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Tuesday, June 28, 2011

Prehistoric Mammal Week: Marsupial Lion.

Ah, Australia. Home of kangaroos, animal fanatics, that weird stuff called vegemite, boomerangs, and deadly spiders. Everything there, even the invasive rabbits, has evolved to tear humanity a new one. Kangaroos can drown dogs and cuddly wombats can smash one's head with their rear ends. HOW could this place get any more hardcore?



JESUS CHRIST IT'S A LION. GET IN THE CAR. GET IN THE FUCKING CAR RIGHT NOW.

Actually, that's not a lion. It's a Thylacoleo carnifex, a giant carnivorous marsupial that dominated the Australian food chain for a very long time. T. carnifex was about the same size as a small lion and could climb trees like a leopard. There is a high chance that it saved some of its kangaroo meat up there for later like a leopard, too. It lived during the Pleistocene, i.e. the era of huge mammals.

For those of you wondering how we know this was a marsupial and not a big cat, dentition is still the main way of determining mammalian evolution. Marsupials have a distinctive dental formation regardless of what they eat. The teeth on T. carnifex were not like those of a modern felid.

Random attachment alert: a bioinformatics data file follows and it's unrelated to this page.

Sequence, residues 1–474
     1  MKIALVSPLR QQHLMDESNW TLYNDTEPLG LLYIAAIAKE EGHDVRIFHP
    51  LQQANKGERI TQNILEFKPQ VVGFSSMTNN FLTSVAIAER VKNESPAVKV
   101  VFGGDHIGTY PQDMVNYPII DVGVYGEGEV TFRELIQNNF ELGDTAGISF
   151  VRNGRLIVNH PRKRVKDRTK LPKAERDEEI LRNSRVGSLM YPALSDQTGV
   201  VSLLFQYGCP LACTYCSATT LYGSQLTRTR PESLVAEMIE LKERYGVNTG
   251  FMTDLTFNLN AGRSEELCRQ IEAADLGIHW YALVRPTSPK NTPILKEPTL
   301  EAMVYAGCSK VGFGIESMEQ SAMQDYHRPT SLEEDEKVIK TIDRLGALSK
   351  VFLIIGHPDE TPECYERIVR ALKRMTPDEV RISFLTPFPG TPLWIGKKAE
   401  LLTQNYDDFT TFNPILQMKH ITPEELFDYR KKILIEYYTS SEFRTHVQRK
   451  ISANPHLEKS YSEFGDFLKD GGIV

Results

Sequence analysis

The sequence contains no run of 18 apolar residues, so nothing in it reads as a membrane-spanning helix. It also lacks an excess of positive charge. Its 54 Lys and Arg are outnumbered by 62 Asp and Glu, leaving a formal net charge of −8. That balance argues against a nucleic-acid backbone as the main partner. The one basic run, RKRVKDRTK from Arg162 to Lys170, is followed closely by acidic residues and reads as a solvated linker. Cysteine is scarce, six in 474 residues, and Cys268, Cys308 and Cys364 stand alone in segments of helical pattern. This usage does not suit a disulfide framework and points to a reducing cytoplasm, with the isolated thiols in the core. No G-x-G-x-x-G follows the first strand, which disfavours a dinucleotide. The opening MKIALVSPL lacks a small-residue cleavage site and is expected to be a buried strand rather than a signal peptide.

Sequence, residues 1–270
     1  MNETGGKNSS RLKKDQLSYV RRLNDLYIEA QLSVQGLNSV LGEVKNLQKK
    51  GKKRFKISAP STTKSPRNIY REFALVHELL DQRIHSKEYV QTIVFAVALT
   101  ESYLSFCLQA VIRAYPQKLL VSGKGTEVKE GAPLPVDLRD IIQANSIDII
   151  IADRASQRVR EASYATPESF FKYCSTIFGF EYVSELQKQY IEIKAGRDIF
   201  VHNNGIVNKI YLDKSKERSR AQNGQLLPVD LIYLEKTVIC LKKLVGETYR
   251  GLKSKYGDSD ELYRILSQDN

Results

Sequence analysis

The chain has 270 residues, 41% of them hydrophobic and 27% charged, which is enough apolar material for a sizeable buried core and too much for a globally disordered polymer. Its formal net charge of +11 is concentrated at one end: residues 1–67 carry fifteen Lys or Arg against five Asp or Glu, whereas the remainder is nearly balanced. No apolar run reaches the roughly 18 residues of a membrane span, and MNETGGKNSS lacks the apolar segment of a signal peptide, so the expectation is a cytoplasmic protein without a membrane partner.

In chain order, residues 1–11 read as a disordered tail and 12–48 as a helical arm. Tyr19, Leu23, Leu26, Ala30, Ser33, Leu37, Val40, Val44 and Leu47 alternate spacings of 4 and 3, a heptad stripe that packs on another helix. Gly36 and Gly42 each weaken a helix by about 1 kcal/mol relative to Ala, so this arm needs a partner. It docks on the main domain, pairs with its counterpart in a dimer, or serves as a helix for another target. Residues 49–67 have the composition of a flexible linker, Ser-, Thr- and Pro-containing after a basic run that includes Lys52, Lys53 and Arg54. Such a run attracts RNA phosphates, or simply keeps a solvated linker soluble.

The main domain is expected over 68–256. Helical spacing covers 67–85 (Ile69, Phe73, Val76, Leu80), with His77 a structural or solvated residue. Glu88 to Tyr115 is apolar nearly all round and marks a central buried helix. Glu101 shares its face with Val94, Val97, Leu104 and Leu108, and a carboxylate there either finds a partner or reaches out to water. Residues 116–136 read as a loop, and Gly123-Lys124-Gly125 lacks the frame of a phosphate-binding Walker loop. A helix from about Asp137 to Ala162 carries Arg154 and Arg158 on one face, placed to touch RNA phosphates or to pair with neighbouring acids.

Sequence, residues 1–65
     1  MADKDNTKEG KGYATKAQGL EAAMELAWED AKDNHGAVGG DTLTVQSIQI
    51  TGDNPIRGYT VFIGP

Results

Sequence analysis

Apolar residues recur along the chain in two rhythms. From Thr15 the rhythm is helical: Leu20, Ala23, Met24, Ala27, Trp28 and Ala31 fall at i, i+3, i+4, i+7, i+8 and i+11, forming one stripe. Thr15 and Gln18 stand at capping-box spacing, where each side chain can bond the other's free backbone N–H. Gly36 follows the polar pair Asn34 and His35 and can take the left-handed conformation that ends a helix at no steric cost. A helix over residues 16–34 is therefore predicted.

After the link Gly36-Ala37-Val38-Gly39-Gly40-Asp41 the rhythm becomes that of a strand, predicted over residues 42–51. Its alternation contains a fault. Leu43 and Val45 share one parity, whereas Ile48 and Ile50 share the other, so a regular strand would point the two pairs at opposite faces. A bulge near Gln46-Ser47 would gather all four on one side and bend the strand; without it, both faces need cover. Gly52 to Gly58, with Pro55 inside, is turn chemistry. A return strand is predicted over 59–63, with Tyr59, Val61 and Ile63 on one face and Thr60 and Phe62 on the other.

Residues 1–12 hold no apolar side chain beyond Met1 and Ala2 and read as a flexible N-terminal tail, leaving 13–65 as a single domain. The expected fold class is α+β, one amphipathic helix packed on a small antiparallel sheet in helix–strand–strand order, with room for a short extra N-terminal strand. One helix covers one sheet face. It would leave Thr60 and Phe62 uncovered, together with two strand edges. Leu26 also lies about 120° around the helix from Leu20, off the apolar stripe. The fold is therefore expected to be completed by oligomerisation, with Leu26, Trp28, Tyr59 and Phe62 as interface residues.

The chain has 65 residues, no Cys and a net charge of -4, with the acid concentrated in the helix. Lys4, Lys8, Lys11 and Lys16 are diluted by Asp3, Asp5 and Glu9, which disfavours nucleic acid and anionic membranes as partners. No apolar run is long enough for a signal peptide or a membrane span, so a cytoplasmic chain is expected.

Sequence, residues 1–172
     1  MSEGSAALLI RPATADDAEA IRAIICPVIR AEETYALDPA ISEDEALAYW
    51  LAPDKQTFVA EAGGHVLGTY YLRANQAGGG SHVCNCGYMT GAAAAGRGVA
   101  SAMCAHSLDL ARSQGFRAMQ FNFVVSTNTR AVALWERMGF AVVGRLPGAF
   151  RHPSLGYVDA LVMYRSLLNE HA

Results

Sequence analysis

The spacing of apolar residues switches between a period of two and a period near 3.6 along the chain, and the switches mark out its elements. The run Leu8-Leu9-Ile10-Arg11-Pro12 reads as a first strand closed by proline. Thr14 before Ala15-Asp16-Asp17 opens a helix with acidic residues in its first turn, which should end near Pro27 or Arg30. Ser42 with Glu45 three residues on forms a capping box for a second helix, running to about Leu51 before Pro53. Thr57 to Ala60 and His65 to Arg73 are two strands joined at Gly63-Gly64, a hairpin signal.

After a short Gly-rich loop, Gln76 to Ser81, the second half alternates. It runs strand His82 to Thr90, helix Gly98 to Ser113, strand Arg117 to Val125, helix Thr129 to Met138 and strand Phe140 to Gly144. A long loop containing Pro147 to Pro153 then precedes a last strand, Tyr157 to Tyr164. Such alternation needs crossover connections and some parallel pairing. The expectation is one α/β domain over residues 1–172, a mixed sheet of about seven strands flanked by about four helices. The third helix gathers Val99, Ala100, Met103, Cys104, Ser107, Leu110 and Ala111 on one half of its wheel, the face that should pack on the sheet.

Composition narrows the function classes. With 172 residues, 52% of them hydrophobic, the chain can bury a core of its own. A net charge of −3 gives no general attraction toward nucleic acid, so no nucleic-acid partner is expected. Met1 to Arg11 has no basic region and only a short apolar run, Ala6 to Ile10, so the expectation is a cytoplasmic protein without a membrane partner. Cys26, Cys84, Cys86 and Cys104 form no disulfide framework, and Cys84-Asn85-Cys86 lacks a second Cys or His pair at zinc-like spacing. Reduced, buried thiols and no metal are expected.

Thylacoleo definitely had a nice set of teeth. Hooooooo boy did it have teeth. The marsupial lion had the strongest known bite of any mammal. It weighed half the weight of an African lion but had just as powerful a bite, making those jaws the strongest of any mammal, living or extinct. It is considered the most specialized mammalian predator in existence, sporting more than just the cool teeth.



Like most modern cats, Thylacoleo also had retractable claws - a unique feature among marsupials. It also had semi-opposable thumbs to help it grasp and capture its food. Special bones in its cervix allowed it to 'tripod,' i.e. stand on its hind legs to slash and grab its prey better. That's not a cat - that's almost a furry.
 

Actually, yeah, kinda like that. 

What happened to these badass psuedo-cats? In a word, man. Men not only hunt giant beasts for fun and profit, but they deprive other giant beasts of their food sources in doing so. There will be a recurring theme of "when humans come around, the megafauna dies" this week. A shame this guy had to go; the way things were going, we could have had marsupial Na'vi. At least they were immortalized in Aboriginal cave drawings.

Derp.

Marsupials used to be more than just kangaroos and koalas. A lot of them were more like the Tasmanian Devil, the only extant carnivorous marsupial. Most of them were considerably larger than their modern counterparts. Even though the Marsupial Lion was not a real lion, get in the car. Or at least get a spear.

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